3. 5 out of 5

    Kaceey

    2.5* Nick and Justine grew up together from toddler into early teens. Destined to be together until Nick's family decides to move, not just across town – but across the entire country. Leaving the teens to grow in different directions. A chance meeting in a market re-ignites long hidden sparks between the two. (Well at least for Justine). Justine is trying to work her way up to the position of copy writer at a highly popular news magazine, the Alexandria Park Star. This, whil 2.5* Nick and Justine grew up together from toddler into early teens. Destined to be together until Nick's family decides to move, not just across town – but across the entire country. Leaving the teens to grow in different directions. A chance meeting in a market re-ignites long hidden sparks between the two. (Well at least for Justine). Justine is trying to work her way up to the position of copy writer at a highly popular news magazine, the Alexandria Park Star. This, while poor Nick is floundering in the world of acting. Never landing the right leading role. Nick is an Aquarius whose sole focus is following the stars. Who needs to settle down when you have astrology, right? After all, it is his guide in life. Justine...well she’s of the opinion that you create your own destiny. But when Justine has the opportunity to make a tiny “tweak” to the latest astrology posting in her news magazine, little did she realize the repercussions that would follow. When a character holds an inner dialogue I just love it! Feels it adds so much to the character. It’s usually humorous and quirky. Unfortunately, in this case, it just came off awkward . Justine and her “brain” chatting. Oh I wanted to love this one! I really did! And I would read snippets that I thought were taking me down that road only to find that it was a road to nowhere. And yet again...I was left disappointed at a missed opportunity. A buddy read with Susanne! Thank you to NetGalley, Crown Publishing and Minnie Darke for an ARC to read in exchange for an honest review.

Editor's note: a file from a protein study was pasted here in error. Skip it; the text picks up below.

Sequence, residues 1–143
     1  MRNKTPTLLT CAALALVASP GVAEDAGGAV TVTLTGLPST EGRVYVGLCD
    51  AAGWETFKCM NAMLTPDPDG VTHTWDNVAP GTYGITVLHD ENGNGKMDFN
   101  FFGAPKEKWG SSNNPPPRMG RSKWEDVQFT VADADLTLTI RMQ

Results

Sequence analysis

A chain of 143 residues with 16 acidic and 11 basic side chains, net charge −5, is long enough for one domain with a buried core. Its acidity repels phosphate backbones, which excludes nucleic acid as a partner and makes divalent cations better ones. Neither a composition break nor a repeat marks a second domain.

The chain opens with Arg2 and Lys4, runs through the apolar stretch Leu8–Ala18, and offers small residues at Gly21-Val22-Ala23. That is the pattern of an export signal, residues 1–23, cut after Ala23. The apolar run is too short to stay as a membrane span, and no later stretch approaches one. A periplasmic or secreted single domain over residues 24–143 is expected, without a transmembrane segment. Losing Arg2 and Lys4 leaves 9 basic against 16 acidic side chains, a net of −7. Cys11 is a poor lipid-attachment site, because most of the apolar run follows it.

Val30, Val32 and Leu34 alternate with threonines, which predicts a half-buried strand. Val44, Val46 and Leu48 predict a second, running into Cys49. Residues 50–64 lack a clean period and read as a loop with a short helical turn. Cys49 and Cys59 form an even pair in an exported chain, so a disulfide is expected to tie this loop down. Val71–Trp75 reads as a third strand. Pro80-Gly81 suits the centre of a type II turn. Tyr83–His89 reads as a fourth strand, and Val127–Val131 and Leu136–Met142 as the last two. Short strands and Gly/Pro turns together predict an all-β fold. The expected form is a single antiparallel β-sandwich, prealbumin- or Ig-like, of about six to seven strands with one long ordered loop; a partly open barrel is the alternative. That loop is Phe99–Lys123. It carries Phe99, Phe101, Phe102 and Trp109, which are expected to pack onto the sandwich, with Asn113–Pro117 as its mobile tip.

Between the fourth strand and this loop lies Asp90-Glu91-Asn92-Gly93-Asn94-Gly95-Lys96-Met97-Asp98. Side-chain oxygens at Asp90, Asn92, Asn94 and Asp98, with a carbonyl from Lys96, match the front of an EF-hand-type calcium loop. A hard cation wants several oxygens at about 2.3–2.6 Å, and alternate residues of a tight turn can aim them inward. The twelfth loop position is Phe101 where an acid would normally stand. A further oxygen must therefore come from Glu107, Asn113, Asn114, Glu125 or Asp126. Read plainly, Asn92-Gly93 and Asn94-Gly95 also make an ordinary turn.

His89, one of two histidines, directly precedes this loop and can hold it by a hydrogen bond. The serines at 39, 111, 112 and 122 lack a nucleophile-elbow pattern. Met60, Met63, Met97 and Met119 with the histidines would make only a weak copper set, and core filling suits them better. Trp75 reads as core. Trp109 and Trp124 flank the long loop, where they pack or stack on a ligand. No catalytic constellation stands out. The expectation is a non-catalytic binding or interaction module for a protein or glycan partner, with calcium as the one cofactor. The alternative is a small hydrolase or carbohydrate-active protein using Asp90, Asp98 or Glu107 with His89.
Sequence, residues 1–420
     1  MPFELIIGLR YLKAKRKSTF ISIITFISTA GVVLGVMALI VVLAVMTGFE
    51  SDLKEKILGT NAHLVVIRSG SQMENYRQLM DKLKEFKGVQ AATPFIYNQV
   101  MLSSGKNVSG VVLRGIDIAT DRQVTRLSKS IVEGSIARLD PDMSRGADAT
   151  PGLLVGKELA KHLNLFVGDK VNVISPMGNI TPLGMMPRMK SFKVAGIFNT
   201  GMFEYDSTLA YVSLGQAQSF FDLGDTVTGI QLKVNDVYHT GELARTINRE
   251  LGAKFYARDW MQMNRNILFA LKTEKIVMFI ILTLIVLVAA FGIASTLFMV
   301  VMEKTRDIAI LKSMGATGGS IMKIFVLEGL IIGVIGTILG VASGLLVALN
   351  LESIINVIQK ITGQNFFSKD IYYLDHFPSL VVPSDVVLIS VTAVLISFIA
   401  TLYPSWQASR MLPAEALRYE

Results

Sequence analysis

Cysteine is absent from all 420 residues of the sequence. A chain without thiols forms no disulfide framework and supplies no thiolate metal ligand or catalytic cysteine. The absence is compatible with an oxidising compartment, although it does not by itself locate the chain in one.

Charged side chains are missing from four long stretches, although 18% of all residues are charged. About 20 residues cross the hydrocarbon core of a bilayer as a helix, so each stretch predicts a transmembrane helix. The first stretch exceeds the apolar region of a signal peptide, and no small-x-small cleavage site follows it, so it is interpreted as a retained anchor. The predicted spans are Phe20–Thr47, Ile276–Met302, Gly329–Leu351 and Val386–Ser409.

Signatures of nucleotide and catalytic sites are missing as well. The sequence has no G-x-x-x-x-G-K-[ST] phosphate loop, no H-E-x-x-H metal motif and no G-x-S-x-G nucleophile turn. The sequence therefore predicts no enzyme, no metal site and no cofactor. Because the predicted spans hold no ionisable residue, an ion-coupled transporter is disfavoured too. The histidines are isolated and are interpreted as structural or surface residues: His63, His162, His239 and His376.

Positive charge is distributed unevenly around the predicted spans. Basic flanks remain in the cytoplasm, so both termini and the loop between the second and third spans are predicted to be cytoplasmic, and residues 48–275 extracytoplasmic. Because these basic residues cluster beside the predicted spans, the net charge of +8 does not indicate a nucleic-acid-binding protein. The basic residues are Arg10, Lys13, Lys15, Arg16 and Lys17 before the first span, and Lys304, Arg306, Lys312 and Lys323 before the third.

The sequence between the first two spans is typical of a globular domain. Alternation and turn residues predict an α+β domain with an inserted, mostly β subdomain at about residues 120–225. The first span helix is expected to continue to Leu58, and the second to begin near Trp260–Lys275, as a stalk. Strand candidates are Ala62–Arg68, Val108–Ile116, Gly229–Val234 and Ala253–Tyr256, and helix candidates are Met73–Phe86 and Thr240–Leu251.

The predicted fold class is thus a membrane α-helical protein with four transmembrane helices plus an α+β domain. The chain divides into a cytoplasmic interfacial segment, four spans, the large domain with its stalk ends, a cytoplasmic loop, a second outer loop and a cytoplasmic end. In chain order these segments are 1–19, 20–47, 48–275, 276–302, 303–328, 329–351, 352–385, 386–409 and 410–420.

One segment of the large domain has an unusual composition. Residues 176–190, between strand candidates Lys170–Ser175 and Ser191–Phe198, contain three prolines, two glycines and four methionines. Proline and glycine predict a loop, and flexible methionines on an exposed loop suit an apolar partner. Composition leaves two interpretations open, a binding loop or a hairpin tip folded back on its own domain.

4. 4 out of 5

    Emer (A Little Haze)

    I thought this would be a very light, fluffy story with a tiny hint of astrology and that the characters would laugh about the silliness of it all... But instead I found this book to take astrology far too seriously and in many ways attempted to bestow it with credibility. Astrology has been proved to have no scientific validity and therefore is categorised as a pseudoscience. And therefore I found it hard to relate to any of these characters that believed so strongly in it. Perhaps if the book I thought this would be a very light, fluffy story with a tiny hint of astrology and that the characters would laugh about the silliness of it all... But instead I found this book to take astrology far too seriously and in many ways attempted to bestow it with credibility. Astrology has been proved to have no scientific validity and therefore is categorised as a pseudoscience. And therefore I found it hard to relate to any of these characters that believed so strongly in it. Perhaps if the book had contained more humour or some crazy laugh out loud moments I could have found something to empathise with. But sadly this book just turned out to not be to my personal taste. I would recommend the book only to people who placed some merit in astrology as any one else I feel would find themselves as frustrated as I was with this story. *An e-copy of this book was kindly provided to me by the publisher, Bantam Press / Random House UK Transworld Publishers, via NetGalley in exchange for an honest review.*